Lately, I’ve noticed that the fey population of Los Angeles does something similar – in the inverse. When they get bored, they freak the humans by letting their disguises slip – just a little bit. They flicker from looking like everyone else in town, to suddenly looking quite out of place – but just for a moment; then they’re gone, with no explanation. Today, for example, I noticed a girl browsing at a bookstore. A normal enough looking girl… until I realized the artwork on her t-shirt was actually alive; it wriggling and shimmered in three dimensions, hovering just above the fabric of her shirt.

At the bookstore café a few moments later, I watched a girl in a top hat and a cinch-waisted Victorian coat pick her way delicately between the tables. She carried a tiny birdcage the way someone else might carry a handbag, dangling from her forearm by a chain. Inside, a bird the size of a cherry-tomato chirped, emitting small soap bubbles that floated out between the bars of the cage, then settled to the floor like day-old helium balloons.

I might have tried to approach her, but a boy with intense blue eyes and shoulder-length red hair politely interrupted me. He asked which computer system I was running on my computer, but didn’t pay any attention to my response. And he didn’t even flinch when I noticed loooong curly-toed shoes peeking out from under the hems of his faded blue jeans. By the time I recovered from the distraction, the girl was gone. And when I thought to ask the boy if he’d seen her, I realized that he’d disappeared as well.

At the cash register, I found a place in line behind a young dreadlocked man. When the cashier called out “next,” he lifted his face to see over the tops of the other customers’ heads and the dreads shifted, falling down his back. For a second, I watched silver knot-work crawl up the rim of his ear – like high speed footage of vines growing up the side of a building. I must have stared because he looked back at me and winked before rearranging his hair and approaching the counter.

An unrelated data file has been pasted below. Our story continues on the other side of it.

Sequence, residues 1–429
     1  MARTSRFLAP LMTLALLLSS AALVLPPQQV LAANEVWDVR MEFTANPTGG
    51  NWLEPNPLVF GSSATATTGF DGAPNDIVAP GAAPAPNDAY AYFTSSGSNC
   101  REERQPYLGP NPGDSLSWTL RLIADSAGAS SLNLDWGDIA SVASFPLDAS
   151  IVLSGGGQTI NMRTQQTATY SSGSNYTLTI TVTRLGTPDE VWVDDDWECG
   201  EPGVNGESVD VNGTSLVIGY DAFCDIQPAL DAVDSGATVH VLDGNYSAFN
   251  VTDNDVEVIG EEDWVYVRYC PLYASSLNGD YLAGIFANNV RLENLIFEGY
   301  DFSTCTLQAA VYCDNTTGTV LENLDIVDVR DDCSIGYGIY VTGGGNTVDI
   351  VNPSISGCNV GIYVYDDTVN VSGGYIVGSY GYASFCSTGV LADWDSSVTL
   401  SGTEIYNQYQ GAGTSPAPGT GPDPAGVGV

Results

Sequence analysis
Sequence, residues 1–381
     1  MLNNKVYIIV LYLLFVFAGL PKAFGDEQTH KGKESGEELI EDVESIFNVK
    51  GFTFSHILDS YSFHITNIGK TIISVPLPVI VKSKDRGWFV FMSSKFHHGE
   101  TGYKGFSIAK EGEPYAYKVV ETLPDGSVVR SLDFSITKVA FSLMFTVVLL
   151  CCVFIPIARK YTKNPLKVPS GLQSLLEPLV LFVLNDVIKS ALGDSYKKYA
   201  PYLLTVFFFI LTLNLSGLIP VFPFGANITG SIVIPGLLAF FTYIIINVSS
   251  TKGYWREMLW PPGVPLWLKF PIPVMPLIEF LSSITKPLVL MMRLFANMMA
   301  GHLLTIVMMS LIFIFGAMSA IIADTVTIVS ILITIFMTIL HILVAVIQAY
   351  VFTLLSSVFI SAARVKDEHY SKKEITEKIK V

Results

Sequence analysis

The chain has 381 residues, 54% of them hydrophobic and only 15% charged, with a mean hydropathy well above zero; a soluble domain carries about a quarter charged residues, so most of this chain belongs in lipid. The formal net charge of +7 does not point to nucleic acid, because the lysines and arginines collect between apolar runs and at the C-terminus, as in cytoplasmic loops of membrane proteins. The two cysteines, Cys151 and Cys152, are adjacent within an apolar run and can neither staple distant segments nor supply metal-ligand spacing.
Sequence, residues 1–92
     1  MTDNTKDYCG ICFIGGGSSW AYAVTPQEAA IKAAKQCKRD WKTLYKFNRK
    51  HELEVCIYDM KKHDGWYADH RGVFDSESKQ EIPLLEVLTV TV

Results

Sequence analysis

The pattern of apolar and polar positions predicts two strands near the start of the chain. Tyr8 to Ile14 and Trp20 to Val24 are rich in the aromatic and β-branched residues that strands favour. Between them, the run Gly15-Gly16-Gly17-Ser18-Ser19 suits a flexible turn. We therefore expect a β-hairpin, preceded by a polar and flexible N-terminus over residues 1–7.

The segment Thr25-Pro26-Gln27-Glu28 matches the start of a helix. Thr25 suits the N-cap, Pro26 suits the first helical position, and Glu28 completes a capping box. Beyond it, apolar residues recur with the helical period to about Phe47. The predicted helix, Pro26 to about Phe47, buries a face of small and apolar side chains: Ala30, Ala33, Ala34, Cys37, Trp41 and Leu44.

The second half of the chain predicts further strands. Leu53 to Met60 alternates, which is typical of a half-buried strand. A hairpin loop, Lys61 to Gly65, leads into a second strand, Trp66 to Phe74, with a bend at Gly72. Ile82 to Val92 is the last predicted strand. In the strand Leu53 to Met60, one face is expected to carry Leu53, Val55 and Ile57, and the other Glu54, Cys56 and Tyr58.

I sometimes wonder if they’re really fey…

Or if the grocery store employees from years ago have reassembled and come to LA to exact revenge.

Add comment August 8th, 2008

Ripostes & Rejoinders – The Beans Have Been Chilling For A While

A helpful reader forwarded this link, proving beyond a doubt that “cool beans” was neither invented by kids from my small Midwestern home town, nor was it forgotten after five minutes. However in spite of SIX pages of definitions, ranging from the banal to the pornographic, there is no consensus as to the origin – temporal or cultural – of “cool beans.” If you have time, perusing all 42 definitions is entertaining. I excerpt a few of my favorites below…

The Literalist:

Cool Beans – Beans that are neither hot nor cold, but cool; generally 42 1/2 degrees.
It is 42 1/2 degrees outside that is cool beans!

The Naughty:
Cool Beans – Another name for the drug ecstasy.
“Jerry you got the cool beans?”

The Latecomer:
Cool Beans – A Yahoo chat room term, (invented in 1996…), which means that one thinks highly of something.
That is exciting = Cool beans!

The Bitter Child of the 80s:
Cool Beans – A phrase popularized in the 1980s by U.S. teenage females who were viewers of the American sitcom “Full House.” For some yet unknown reason, these persons found the show entertaining and desired to emulate actress Candace Cameron whose character repeated the phrase incessantly on the show. The phrase then spread like a virus, infecting the vernacular of people of older and younger generations regardless of gender…these people were born without the ability to discern that this phrase was, to put it in the parlance of our current times, “*^$%ing stupid.” Is used to express approval or liking.
Person A: “Hey, it’s TGIF on ABC tonight! Wanna watch ‘Full House?’”

The Innovator:
The first of a series of unnecessary and over-used catch-phrases when something happens to one’s liking. The list goes as follows: Cool beans! Hot ice! Stolen diamonds! Pistol-packin’ granny! Sinister Minister!